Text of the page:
Back to multiple flash, where one flash is used to trigger another I would suggest the terms ‘lead’ and ‘echo’ are suitably short and clear and perhaps better express the essential difference.

Of course we should still use terms such as ‘main light’, ‘rim light’ and ‘fill’ to talk about what the lights are doing, but ‘master’ and ‘slave’ were never about that.



Showing faces II

Thursday, June 11th, 2020

For a rather wider discussion of the issues involved in photographing protests and showing the faces of those taking part, you may like to read On Ethics, The First Amendment, and Photographing Protestors’ Faces by Allen Murabayashi.

It is of course in some respects a very US-centric article, talking about Trump and about the constitution. But I think it makes some of the reasons for the disagreements over the issue clear, and is worth reading.

Murabayashi gives his own opinion in two short paragraphs as the end of the piece:

To me, the real discussion shouldn’t be about the blurring or obscuring of faces, nor gaining consent of a subject. These are tactical choices, and in the U.S. there is simply no expectation of privacy in a public setting.

Instead, we ought to continue to consider how photography is used to portray others (particularly the vulnerable), and whether an image truly advances a story or simply acts as a signifier for the photo we should have taken.

Op cit

The link in the last sentence is to another piece by Murabayashi, The Photographic Phases of Depicting COVID-19, which is also an interesting read.


Black Lives Matter

Sunday, June 7th, 2020

Staines, Surrey, UK. 4th June 2020.

I won’t be going to today’s ‘Black Lives Matter’ protest at London’s US Embassy though I would like to be there, both to show my support and also to take photographs, and it would be an easy journey for me.

The health risks of attending, though not huge, are greater for me than for most or all those who will be there, as if I were to be infected my life would be at greater risk both because of my age and because I have diabetes. I’m fortunate not to have great problems with diabetes, and I think I lived with it for over 30 years before it was diagnosed as a contributory factor to my heart attack in 2003, and now insulin and a careful diet usually keep it well under control, but it does mean my immune system isn’t too great.

The risks would be quite low. According to one of our leading epidemiologists speaking on the radio yesterday, about 1 in 700 people currently has Covid-19 and is infectious, although they may not be showing any symptoms. The proportion who are infectious in the protest crowd is likely to be rather smaller, as those who do have symptoms will almost certainly stay away. The protest will be taking place outside in a very open area, which will cut down the chance of infection.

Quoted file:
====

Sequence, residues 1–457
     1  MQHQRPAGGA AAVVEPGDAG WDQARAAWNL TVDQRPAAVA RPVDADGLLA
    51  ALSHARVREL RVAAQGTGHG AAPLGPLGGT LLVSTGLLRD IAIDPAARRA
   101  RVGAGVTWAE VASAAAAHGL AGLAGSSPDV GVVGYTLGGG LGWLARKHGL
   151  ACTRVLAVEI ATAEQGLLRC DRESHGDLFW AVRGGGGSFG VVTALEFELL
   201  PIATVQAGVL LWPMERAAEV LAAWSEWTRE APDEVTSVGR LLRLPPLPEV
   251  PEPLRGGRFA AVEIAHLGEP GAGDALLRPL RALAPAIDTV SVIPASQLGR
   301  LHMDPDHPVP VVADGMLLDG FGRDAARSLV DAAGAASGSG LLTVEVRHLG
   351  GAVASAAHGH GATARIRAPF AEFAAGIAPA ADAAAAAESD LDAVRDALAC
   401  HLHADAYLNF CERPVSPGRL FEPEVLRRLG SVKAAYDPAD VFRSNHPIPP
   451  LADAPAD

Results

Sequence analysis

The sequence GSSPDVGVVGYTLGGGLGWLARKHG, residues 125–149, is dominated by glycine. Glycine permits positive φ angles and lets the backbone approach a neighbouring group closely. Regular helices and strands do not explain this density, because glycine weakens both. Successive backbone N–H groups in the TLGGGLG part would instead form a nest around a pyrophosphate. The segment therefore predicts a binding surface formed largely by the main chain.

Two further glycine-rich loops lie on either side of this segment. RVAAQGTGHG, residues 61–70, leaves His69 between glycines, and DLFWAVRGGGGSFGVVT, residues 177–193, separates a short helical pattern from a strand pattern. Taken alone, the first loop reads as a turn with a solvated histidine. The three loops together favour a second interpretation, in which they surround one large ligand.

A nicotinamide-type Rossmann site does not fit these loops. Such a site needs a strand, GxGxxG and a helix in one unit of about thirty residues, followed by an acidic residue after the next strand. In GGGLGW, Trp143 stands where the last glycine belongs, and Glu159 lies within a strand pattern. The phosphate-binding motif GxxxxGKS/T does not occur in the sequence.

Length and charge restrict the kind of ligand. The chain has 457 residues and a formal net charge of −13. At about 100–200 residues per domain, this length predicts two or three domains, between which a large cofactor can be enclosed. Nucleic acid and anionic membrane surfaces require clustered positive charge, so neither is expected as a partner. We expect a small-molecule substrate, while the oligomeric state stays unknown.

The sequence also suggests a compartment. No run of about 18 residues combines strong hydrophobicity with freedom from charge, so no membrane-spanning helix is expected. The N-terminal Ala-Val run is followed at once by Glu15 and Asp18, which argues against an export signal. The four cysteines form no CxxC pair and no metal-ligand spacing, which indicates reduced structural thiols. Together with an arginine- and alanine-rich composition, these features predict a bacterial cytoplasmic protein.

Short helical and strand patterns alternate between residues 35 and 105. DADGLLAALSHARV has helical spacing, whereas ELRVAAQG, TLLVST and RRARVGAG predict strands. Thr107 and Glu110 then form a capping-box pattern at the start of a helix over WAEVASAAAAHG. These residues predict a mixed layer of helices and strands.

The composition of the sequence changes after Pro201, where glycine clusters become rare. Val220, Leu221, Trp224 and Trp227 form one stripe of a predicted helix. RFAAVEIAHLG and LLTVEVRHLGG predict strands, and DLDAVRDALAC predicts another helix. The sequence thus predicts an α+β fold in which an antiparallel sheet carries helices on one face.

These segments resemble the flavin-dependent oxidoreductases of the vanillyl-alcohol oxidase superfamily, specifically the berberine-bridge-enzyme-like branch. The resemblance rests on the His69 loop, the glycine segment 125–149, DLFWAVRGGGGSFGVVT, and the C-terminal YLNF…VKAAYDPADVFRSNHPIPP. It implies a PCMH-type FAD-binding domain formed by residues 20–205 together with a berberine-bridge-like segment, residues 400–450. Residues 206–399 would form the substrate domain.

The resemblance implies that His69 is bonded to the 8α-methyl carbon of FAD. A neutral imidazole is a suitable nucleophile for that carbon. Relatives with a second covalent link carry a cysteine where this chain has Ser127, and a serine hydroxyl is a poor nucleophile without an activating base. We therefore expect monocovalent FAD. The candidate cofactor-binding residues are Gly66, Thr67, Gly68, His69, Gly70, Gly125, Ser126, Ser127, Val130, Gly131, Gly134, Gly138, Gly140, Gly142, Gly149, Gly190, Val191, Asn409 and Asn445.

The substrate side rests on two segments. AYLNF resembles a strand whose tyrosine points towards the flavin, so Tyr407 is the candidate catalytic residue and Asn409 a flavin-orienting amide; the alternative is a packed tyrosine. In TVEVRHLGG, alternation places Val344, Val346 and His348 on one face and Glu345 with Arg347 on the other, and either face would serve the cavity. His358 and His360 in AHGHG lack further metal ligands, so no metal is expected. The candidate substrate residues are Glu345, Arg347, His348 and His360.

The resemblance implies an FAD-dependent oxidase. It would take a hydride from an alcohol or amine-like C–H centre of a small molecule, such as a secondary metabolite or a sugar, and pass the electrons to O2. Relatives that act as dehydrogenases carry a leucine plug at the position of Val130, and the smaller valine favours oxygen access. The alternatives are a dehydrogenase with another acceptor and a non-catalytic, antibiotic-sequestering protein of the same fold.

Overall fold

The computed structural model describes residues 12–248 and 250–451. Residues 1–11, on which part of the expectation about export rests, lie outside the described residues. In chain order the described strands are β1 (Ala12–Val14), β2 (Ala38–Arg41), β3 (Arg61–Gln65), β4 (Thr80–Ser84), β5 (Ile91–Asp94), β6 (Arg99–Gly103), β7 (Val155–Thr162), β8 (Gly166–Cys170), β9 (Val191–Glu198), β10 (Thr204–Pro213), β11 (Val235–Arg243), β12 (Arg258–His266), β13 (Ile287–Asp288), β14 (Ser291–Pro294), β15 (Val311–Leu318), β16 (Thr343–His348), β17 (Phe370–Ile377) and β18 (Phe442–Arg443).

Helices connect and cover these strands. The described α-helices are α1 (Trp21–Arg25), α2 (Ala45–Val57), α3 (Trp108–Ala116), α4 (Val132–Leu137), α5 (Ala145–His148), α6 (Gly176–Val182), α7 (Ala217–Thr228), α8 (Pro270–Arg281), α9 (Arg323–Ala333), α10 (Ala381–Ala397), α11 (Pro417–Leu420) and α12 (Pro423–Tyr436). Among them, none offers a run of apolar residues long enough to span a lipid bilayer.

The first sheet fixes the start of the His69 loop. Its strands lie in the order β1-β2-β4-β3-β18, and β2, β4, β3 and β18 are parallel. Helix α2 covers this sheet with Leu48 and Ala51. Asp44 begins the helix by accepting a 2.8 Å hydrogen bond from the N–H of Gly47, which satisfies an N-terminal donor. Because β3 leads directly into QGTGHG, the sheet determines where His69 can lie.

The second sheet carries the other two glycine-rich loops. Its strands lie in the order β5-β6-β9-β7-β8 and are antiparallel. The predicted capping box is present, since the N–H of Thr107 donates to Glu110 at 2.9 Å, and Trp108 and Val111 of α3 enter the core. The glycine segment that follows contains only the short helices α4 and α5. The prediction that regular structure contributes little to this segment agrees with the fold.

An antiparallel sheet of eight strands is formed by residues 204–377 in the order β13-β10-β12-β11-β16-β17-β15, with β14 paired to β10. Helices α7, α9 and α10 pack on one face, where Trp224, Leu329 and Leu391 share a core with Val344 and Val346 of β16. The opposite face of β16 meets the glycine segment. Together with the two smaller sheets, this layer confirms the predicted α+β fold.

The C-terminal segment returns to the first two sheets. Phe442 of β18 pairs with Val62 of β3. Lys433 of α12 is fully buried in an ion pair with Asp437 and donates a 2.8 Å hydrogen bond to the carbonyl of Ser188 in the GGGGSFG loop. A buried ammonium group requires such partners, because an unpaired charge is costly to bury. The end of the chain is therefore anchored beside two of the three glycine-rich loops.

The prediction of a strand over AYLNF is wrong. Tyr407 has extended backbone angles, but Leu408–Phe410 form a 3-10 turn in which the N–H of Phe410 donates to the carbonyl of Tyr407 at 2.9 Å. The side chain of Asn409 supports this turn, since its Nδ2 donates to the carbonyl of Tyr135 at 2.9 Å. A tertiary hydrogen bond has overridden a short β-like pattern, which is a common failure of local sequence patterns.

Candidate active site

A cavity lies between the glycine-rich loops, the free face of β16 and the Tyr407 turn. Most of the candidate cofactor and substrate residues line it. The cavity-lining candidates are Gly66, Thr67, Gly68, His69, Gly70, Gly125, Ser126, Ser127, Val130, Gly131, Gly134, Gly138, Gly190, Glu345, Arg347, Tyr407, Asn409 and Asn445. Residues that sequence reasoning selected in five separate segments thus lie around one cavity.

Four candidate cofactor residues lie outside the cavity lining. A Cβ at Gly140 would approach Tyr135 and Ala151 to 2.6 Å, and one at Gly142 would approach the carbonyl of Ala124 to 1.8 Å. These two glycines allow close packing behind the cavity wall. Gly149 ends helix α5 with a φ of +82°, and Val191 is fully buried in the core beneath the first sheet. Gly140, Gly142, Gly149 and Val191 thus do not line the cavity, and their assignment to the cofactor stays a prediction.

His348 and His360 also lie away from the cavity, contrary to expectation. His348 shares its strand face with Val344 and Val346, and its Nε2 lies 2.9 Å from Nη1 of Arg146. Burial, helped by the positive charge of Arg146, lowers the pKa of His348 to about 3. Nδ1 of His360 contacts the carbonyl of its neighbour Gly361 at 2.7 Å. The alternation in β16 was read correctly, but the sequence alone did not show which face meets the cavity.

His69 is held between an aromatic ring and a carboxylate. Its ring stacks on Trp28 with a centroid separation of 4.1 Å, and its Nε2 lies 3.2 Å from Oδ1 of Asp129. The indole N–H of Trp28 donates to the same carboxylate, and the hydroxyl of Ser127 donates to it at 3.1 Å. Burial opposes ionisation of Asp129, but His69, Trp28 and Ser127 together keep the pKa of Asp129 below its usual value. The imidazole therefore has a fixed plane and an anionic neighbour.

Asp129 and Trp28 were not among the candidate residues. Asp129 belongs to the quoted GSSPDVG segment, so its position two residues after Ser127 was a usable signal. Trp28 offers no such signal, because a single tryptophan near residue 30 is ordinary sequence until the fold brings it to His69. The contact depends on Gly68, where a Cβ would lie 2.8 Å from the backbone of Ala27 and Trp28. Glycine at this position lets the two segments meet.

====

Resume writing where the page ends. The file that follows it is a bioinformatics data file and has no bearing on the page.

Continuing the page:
The chance of being infected depends on various things. You reduce it by physical distance from an infected person – so if people at protests are able to keep that 2m away from people not in their own social group that helps greatly. If people who have the virus are wearing even simple home-made face masks that greatly reduces their spreading of the virus.

Protesters ‘Take the Knee’ at the side of Staines Town Hall.

Being a photographer is slightly more complicated. In the nature of things you have to move around and thus have a greater chance of coming close to one of that very small number of infected persons present. The moving around also cuts down your chance of always keeping that 2m distance. If you are, like me, someone who likes to get close to those you are photographing, you would be advised to change your way of working, moving perhaps to longer focal lengths. And you would certainly be advised to wear an effective mask when working. Moving around does have the advantage of decreasing the time you are close to any individual, which will also reduce the chance of infection.

The main danger to protesters will almost certainly come from policing. The police seem consistently to fail to observe social distancing and fail to wear face masks, so putting the public at risk. But also they often try to herd protesters into smaller areas where social distancing may be impossible, often to try to keep traffic flowing.

A silent die-in for 8 minutes 46 seconds in the Two Rivers shopping park in the centre of Staines, the time Floyd was restrained by a police officer.

It was probably unwise for me to leave home on Friday to cover a Black Lives Matter protest which I could hear from my window in Staines, particularly as I rushed out unprepared, forgetting to pick up my face mask. Of course I tried to keep at a suitable distance but there were moments when this wasn’t practicable. It was a rather smaller protest, with perhaps a couple of hundred people, not all of whom were wearing face masks either. Rather more of my pictures than usual were made with a short telephoto lens, with my wide-angle used largely for wider views in an attempt to preserve social distance.


All photographs on this and my other sites, unless otherwise stated, are taken by and copyright of Peter Marshall, and are available for reproduction or can be bought as prints.